Barnabas62
Shipmate
# 9110

 - Posted      Profile for Barnabas62   Email Barnabas62   Send new private message       Edit/delete post   Reply with quote 
Ah, Ivan Denisovich! My intro to Solzhenitsyn. Denisovich, who survived by being bad at floor washing and brilliant at bricklaying.

What were we talking about? Oh yes. I agree with Doublethink. Jeremy is not a communist. I just wish he wasn't so prone to dropping bricks.

--------------------
Who is it that you seek? How then shall we live? How shall we sing the Lord's song in a strange land?

Posts: 21397 | From: Norfolk UK | Registered: Feb 2005  |  IP: Logged
Luigi
Shipmate
# 4031

 - Posted      Profile for Luigi   Email Luigi   Send new private message       Edit/delete post   Reply with quote 
I am interested in what happens after the leadership election. What are the most likely possibilities? Just supposing Corbyn gets in with an increased majority (as currently seems likely) what do JC's supporters hope will happen?

Best case scenario? - few or no Labour MPs leave to form / join another party. Those who don't regard the result as legitimate (there will be some), are deselected or they are quickly informed they will probably be deselected come the next election - sadly MPs who know they are out of a job in 4 years time could do a great deal of damage. However, most of the MPs try - with varying degrees of success - to start being more loyal than Corbyn ever was to previous leaders. The NEC is radically overhauled - to reflect the JC's vision.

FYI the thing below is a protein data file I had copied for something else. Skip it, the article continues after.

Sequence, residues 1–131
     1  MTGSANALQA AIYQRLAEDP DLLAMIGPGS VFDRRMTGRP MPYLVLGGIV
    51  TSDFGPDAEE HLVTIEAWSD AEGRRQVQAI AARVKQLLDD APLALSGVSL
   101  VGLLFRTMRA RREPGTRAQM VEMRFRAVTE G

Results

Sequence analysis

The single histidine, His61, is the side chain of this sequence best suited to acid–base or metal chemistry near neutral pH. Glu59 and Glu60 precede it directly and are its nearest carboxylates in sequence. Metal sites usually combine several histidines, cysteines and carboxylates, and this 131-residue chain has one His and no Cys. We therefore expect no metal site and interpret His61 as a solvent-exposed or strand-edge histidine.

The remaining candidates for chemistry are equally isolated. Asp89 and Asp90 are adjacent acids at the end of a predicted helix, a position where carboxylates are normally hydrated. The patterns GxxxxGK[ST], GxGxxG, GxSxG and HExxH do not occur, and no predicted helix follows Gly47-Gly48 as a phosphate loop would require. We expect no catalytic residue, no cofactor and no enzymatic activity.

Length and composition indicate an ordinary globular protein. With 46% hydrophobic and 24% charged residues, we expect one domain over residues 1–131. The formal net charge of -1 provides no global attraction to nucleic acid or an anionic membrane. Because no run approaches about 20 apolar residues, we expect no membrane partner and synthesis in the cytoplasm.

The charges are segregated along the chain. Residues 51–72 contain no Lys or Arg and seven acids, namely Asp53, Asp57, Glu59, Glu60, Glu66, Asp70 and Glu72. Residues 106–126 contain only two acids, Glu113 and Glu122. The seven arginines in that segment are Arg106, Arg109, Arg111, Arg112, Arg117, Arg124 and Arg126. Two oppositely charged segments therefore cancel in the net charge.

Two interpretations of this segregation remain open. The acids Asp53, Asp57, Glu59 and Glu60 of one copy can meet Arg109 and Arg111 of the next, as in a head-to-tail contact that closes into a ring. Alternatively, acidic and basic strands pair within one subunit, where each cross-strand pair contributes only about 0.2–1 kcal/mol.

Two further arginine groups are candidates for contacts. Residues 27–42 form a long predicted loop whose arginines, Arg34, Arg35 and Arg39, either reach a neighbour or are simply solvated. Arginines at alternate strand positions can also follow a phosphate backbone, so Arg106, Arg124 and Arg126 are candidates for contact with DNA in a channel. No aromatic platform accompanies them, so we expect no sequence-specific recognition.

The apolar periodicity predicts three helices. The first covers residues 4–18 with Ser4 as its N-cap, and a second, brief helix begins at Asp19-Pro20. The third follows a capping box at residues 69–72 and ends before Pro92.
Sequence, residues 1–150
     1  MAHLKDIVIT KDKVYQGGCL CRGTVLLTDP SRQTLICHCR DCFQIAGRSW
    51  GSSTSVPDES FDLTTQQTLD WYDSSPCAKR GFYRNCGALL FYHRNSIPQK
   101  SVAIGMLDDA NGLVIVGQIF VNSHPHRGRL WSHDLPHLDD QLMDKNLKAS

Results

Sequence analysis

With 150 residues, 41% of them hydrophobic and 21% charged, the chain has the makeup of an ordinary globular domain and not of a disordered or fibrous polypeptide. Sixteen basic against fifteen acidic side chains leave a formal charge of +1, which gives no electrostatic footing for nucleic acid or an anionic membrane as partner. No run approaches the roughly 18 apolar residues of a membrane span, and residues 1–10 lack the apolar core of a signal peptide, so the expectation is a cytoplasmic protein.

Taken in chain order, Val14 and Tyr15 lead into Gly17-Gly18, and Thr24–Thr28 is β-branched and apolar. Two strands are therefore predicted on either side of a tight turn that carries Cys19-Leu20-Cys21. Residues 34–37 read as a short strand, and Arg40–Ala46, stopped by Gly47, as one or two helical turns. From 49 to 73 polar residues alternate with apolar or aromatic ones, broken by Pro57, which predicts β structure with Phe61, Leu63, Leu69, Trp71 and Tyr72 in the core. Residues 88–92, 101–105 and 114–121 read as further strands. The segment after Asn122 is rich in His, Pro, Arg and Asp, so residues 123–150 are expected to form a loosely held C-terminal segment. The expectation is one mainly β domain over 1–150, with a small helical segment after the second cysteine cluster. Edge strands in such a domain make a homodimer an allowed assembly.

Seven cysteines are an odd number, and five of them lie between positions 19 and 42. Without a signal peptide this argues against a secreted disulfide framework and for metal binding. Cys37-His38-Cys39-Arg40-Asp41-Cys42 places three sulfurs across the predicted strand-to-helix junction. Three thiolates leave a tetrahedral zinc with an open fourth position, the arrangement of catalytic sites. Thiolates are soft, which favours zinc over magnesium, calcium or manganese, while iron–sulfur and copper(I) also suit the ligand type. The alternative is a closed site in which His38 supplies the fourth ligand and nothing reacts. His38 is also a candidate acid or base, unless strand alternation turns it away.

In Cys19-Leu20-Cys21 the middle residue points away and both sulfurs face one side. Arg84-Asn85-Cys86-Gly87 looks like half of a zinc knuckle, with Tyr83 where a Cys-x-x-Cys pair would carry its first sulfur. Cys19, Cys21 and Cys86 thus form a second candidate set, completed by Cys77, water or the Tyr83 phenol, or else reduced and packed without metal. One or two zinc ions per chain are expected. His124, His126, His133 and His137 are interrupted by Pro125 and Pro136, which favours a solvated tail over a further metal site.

I think this scenario won't be easy to sell on the doorsteps and will be depicted appallingly by the Tories / the press (why does Labour make the Tories job so easy?) It will be easy to portray JC's Labour as a bullying cult that tolerates no dissent.

The positive (for me) would be Corbyn supporters would have to stop blaming the PLP for every failure of the Labour party.

Worst case scenario: the party splits - in spirit or in actuality - with many MPs forming an alternative party in power*. The left is split for a generation and the Tories get a majority of around 100. A majority so large it cannot realistically be turned around in 2025.

Admittedly I can't see either Owen Smith or Corbyn winning in 2020. Even keeping the Tory majority to roughly where it is now, will be quite a challenge. (Most Psephologists would probably agree.) However, Smith (should he win) would have a much better chance of keeping the party together. He already has the goodwill of the PLP and he would also have the support of most of the members.

I also think he has done ok so far - I am not wild about him. But then I wasn't wild about Corbyn or any of his challengers. And I really see Corbyn winning as deeply destructive to the very fabric of the Labour party - it isn't about how left he is. I think the left wing Clive Lewis has the potential to do a much better job.

I will vote for Owen Smith as a tactical vote because I don't want the left to be split for a generation - which is all too possible if JC wins.

So come on - what is the best outcome? Even the best case scenarios sound pretty bleak to me!

*They could even be given the privileges of having the second largest number of MPsand be regarded as the official opposition.

[ 03. August 2016, 18:52: Message edited by: Luigi ]

Posts: 752 | Registered: Feb 2003  |  IP: Logged
mdijon
Shipmate
# 8520

 - Posted      Profile for mdijon     Send new private message       Edit/delete post   Reply with quote 
quote:
Originally posted by quetzalcoatl:
If some people agree with Corbyn (to an extent), what are they to do, vote for Smith?